But what about other aspects of music? For example, if we vary the complexity of chords will we see an inverted U-pattern? And will the sweet spot for rhythms and chords work together to augment the feeling of groove?

We chose to investigate harmony (simultaneous notes forming a chord) in the context of groove because it is a strong emotive factor in music. A single chord can make us feel happy or tense and even convey complex emotions such as nostalgia. Conversely, a single chord is not likely to make you want to move, regardless of its complexity. This allowed us to investigate whether the emotive and motoric aspects of groove are affected differentially.

To do so, we set up an online study where participants would listen to musical excerpts that varied over three levels of syncopation and three levels of harmonic complexity. After listening to each excerpt, participants rated how much they wanted to move and how much pleasure they experienced.

Studying harmony

Our results showed an inverted U-pattern between ratings and rhythmic (but not harmonic) complexity. However, we did find that rhythm and harmony worked together such that rhythm had the strongest effect on ratings when coupled with medium complexity chords.

These results supported our idea that the two aspects of groove can be affected differentially. Rhythm was the main driver as it strongly affected both pleasure and wanting to move. Harmony, on the other hand, primarily affected the emotive component of groove, which in turn increased the desire to move. Therefore, by increasing pleasure, pleasant harmonies increased the possibility of groove.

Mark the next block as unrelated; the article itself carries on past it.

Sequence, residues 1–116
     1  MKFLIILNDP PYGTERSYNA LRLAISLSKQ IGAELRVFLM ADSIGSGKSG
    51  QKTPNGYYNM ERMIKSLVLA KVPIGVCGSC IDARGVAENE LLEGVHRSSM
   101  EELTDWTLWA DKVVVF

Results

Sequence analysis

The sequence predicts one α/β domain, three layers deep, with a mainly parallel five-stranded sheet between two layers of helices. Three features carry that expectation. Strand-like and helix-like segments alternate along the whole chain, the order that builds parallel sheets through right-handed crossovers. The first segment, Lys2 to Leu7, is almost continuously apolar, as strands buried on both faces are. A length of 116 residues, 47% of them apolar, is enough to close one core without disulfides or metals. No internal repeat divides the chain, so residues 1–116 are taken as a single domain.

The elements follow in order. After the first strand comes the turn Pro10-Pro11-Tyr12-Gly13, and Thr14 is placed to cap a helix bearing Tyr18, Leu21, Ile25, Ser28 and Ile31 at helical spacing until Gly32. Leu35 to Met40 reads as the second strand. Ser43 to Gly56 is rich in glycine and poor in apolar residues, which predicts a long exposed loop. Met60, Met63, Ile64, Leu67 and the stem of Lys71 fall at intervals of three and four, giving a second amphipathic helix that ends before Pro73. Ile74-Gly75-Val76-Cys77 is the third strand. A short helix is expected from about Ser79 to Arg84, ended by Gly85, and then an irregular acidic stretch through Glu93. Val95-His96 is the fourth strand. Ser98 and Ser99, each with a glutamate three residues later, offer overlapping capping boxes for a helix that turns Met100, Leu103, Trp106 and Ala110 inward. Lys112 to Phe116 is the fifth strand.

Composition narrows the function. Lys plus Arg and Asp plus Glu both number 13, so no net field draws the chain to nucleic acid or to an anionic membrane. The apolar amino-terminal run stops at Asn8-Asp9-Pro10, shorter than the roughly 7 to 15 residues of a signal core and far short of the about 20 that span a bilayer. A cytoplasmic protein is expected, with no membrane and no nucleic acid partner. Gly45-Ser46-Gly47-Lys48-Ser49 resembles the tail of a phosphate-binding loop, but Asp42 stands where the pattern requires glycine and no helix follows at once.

In a follow-up study that has yet to be published, we had participants listen to some of the same excerpts and make the same types of ratings as in the above study. However, this time they did so while undergoing functional magnetic resonance imaging.

This allowed us to investigate how brain regions involved in the different aspects of groove interact. In addition, we related these interactions to both the levels of complexity and the participants’ own ratings. By making the connection between the musical aspects groove, participants’ ratings, and their brain activity, we can get a step closer to fully characterising the experience of groove.

Music and therapy

Research on groove also has potential therapeutic applications. For example, the use of rhythmic music to treat motor symptoms of Parkinson’s Disease such as problems with gait has shown promising results. Groove research has the potential to clarify the connections between music, movement and pleasure that may be crucial in understanding and improving rhythm-based therapies. In addition, groove research may help to maximise the enjoyability of music used in this type of therapy which could increase patient motivation and enhance the therapeutic experience.The conversation

Tomas Matthews, PhD Candidate, Concordia University

This article is republished from The Conversation under a Creative Commons license. Read the original article.